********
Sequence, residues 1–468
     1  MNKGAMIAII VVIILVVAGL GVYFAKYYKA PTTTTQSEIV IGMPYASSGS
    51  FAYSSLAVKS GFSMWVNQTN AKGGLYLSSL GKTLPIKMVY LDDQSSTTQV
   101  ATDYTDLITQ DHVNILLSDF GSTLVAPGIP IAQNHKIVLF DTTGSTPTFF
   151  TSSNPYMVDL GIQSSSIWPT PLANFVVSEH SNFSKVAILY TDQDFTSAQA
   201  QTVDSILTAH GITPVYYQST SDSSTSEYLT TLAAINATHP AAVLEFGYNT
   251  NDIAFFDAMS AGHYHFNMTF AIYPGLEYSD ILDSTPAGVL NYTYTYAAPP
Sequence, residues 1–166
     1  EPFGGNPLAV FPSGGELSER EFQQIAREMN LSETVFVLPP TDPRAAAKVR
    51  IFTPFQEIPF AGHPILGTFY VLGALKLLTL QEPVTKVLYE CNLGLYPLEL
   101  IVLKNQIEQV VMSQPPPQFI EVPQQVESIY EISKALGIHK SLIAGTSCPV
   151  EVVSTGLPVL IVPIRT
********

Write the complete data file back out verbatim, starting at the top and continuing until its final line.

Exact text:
Sequence, residues 1–468
     1  MNKGAMIAII VVIILVVAGL GVYFAKYYKA PTTTTQSEIV IGMPYASSGS
    51  FAYSSLAVKS GFSMWVNQTN AKGGLYLSSL GKTLPIKMVY LDDQSSTTQV
   101  ATDYTDLITQ DHVNILLSDF GSTLVAPGIP IAQNHKIVLF DTTGSTPTFF
   151  TSSNPYMVDL GIQSSSIWPT PLANFVVSEH SNFSKVAILY TDQDFTSAQA
   201  QTVDSILTAH GITPVYYQST SDSSTSEYLT TLAAINATHP AAVLEFGYNT
   251  NDIAFFDAMS AGHYHFNMTF AIYPGLEYSD ILDSTPAGVL NYTYTYAAPP
Sequence, residues 1–166
     1  EPFGGNPLAV FPSGGELSER EFQQIAREMN LSETVFVLPP TDPRAAAKVR
    51  IFTPFQEIPF AGHPILGTFY VLGALKLLTL QEPVTKVLYE CNLGLYPLEL
   101  IVLKNQIEQV VMSQPPPQFI EVPQQVESIY EISKALGIHK SLIAGTSCPV
   151  EVVSTGLPVL IVPIRT